The transformed life ought to effect one’s relationship with government. This is based on common idea in the Hebrew Bible that God ordains the rulers and the nations. Since Paul is speaking about the Roman empire, it must mean that the Christian ought to obey even an evil government. Paul uses the same verb here in Romans 13 as he did in 8:7, with reference to submitting to the will of God. Paul therefore means that the transformed believer must obey the government because it is God’s appointed authority. Perhaps by extension, when you obey the government, you obey God.
But most people immediately ask: if that government abuses its power and rules unjustly, is it then appropriate for a Christian to rebel to change that government? Usually Christians will say they will obey the government insofar as the government commands that are not contrary to God’s commands. I can hear many former students asking about life under an oppressive government that does not allow personal freedom or abuses citizens. What if the government restricts my personal freedom? What if the government wants to take my guns away? What if the government permits same-sex marriage, abortion, or the use of marijuana? What if the government were to be controlled by Islam and Sharia law is imposed on us? Should we rebel and against the government then?
I think it is critically important to realize that in the first century, no member of Paul’s congregation would have ever asked this question. No one would have plotted the fall of the Roman empire, nor would a Roman Guy Fawkes attempt to blow up the Senate. Rome really did bring peace to the world and Rome did really provide services which raised the social and economic fortunes of everyone. No one would have considered joining the Occupy Wall Street movement to protest the outrageous economic practices of the Roman Empire, nor (in the interest of being fair and balanced), would anyone dream of complaining about their taxes and joined the Tea Party. Those categories simply do not exist in the first century, and if they did, Rome would have silenced them with extreme prejudice! The young lady with the sign in this picture needs to realize that protesters did not burn Rome, Nero did!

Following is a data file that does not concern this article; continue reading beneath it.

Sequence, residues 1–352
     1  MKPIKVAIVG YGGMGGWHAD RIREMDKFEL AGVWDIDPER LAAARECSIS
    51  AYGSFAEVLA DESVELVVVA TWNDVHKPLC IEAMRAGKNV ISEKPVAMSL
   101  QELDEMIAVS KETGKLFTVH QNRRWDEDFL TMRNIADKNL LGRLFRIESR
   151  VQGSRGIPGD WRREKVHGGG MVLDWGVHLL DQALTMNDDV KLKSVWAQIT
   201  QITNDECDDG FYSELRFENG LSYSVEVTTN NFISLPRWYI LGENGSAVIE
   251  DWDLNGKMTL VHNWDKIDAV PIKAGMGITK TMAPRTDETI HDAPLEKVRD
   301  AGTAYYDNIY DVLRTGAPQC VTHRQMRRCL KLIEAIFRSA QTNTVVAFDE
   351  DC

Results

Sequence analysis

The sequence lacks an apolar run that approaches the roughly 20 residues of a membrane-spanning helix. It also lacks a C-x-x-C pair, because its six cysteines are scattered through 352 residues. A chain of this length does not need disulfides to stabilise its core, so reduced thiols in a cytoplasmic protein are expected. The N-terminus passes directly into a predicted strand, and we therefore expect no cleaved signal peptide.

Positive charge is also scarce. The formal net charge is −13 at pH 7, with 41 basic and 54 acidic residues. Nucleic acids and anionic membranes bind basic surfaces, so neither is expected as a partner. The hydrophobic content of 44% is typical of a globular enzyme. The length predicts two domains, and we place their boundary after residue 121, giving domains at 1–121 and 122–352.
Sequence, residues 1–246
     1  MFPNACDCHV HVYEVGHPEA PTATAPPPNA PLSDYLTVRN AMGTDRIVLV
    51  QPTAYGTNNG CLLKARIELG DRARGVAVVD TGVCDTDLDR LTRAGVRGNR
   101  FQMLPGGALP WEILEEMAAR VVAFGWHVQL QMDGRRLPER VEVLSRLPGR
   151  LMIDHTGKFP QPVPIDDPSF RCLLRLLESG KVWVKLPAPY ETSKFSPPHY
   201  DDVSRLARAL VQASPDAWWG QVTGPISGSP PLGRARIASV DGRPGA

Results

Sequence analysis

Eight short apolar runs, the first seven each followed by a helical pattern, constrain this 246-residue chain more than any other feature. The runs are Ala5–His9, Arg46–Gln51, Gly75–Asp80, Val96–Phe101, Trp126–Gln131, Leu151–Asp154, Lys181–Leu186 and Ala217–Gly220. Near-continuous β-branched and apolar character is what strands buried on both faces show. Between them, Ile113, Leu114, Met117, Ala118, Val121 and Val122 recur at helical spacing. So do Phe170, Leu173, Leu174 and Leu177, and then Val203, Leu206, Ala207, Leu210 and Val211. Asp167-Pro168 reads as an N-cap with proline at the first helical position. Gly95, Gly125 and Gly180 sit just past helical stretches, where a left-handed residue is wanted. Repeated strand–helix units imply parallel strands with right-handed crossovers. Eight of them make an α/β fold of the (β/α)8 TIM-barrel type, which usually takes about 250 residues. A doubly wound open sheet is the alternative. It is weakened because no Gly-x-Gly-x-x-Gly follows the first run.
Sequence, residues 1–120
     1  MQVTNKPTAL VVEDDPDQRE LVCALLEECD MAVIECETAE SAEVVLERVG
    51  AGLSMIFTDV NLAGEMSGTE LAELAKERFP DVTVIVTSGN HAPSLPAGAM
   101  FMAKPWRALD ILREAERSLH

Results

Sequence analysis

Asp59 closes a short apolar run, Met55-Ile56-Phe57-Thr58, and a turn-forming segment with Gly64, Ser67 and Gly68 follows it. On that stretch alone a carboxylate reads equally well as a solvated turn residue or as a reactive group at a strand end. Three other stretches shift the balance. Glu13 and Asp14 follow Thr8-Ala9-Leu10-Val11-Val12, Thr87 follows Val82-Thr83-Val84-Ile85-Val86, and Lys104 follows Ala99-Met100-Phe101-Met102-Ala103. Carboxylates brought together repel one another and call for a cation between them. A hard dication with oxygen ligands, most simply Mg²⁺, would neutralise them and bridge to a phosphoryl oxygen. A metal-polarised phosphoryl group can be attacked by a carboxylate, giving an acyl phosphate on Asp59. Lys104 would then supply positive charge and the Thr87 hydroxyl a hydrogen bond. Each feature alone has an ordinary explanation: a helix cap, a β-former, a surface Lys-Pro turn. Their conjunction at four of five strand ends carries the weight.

Consider what the Roman empire was like in the mid-first century. They did oppress people, the enslaved millions, they promoted the worship of every god imaginable, and they imposed their religious laws on everyone. Infanticide was practiced and homosexual relationships were permitted (although nothing like gay marriage really existed). Paul does not add any sort of condition to the command to obey the established government, despite the fact that the Roman government was one of the most oppressive regimes in history!
I do not read anything in Romans 13 or in Paul’s relationship with Rome that sounds anything like a protest against the government. Paul’s method for dealing with social ills was far more subtle than mass protests – and much more effective. He told the church to fix the problems themselves by caring for the poor, the widow, the orphan. There is nothing here in Romans 13 which would support the overthrow of Rome, either in the first century or the twenty-first.